What are the complications?
Weight loss and malnutrition – Problems can occur when slow emptying of the stomach affects your body’s ability to digest and absorb nutrients. Also, if food stays in the stomach too long, it can cause bacterial overgrowth from the fermentation of the food and disrupt the body’s normal balance of good and bad bacteria.
Bezoars – Undigested food in the stomach can harden into a bezoar (pronounced BEEzawr), a solid mass that’s similar to a hairball in a cat. Bezoars may cause nausea and vomiting and may become dangerous if they prevent food from passing into the small intestine.
Blood sugar fluctuations – Diabetic gastroparesis can be a vicious cycle. Gastroparesis doesn’t cause diabetes, but inconsistent food absorption can play havoc with blood sugar levels, which makes diabetes worse. In turn, poor control of blood sugar levels makes gastroparesis worse.
What is the treatment?
First, controlling diabetes or any other underlying condition that may be causing gastroparesis, such as an underactive thyroid, is the first step in treating the condition. Beyond this, treatment usually involves dietary changes and medications. In most cases, treatment does not “cure” gastroparesis – it helps you manage the condition so you can be healthy and as comfortable as possible.
Changing how and what foods are eaten is helpful. The most common recommended dietary changes include:
- Smaller, more frequent meals. Eat six small meals per day, instead of three large meals.
- Avoid high-fiber foods. Foods high in fiber tend to stay in the stomach longer, so they should be restricted when symptoms are severe. Fibrous foods are also more likely to form bezoars than softer foods. Foods most likely to cause bezoars include dried figs, berries of all kinds, apples, coconut, corn, brussels sprouts, and potato and tomato peels.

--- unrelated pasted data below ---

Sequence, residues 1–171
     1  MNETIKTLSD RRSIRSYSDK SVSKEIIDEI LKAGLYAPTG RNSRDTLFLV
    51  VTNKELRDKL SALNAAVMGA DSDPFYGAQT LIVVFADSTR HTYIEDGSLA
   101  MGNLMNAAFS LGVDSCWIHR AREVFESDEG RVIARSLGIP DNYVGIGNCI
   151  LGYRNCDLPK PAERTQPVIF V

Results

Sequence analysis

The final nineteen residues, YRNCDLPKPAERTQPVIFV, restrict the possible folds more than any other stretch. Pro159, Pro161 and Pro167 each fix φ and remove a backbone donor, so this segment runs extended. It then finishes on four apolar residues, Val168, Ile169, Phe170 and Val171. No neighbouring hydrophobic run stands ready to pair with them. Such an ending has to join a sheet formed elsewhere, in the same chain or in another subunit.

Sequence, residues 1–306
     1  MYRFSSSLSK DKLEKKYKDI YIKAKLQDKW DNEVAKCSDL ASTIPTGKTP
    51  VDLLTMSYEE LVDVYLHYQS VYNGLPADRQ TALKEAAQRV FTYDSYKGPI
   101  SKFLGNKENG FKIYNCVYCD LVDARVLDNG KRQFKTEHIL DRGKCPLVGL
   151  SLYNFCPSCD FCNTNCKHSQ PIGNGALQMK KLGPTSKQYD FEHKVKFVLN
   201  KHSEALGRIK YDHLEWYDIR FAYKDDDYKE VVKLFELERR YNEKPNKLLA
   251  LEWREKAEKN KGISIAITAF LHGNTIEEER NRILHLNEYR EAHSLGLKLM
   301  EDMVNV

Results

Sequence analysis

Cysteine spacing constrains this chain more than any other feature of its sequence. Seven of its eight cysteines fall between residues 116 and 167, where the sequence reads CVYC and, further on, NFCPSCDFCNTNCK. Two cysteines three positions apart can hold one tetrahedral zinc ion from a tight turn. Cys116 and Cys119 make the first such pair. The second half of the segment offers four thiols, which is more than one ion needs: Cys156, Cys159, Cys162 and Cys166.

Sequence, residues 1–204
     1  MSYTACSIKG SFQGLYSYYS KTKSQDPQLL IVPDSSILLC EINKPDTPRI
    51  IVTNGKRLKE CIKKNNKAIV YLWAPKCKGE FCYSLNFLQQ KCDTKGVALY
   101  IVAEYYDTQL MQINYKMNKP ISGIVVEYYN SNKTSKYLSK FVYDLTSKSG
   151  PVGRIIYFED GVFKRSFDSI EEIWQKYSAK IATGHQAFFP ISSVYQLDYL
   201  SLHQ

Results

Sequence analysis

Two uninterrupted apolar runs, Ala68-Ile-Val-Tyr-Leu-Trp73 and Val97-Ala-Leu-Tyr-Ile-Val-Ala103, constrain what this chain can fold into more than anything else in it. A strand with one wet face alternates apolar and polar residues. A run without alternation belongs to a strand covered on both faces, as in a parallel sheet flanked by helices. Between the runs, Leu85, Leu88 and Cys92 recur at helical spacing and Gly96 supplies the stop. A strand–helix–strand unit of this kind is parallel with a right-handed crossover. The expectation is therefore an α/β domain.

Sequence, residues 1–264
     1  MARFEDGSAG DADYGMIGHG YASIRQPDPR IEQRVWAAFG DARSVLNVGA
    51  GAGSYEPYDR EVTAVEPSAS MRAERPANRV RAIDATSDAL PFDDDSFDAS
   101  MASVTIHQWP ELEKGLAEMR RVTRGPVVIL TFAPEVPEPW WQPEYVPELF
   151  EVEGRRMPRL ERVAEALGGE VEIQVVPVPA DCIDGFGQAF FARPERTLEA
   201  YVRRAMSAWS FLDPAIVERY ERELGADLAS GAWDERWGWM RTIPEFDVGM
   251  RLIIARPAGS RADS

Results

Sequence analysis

- Cut back on high-fat foods or added fats. Foods high in fat naturally cause delays in emptying the stomach.
- Nutritional supplements. Because gastroparesis interferes with digestion and absorption of nutrients, people with gastroparesis may be deficient in important vitamins and minerals such as vitamin B-12, iron, and calcium. A liquid vitamin and mineral supplement may help supply missing nutrients.
- Pureed and liquid foods. Most people with gastroparesis find that they do best with soups or pureed foods. Liquid always leaves the stomach faster than solid food so liquid-type foods such as low-fat milkshakes may be helpful.
Avoid smoking, alcohol, coffee, spicy foods, and mints. All of these things can irritate the lining of the stomach and create more acid reflux.
A registered dietitian can be very helpful in providing advice in severe cases.
The two most common types of drugs prescribed to treat gastroparesis are anti-emetics and prokinetics. Anti-emetics – When nausea is a predominant symptom, an anti-nausea drug such as prochlorperazine (Compazine) or ondansetron (Zofran) may be used to control nausea and vomiting. Prokinetics – These types of drugs are used to stimulate stomach contractions.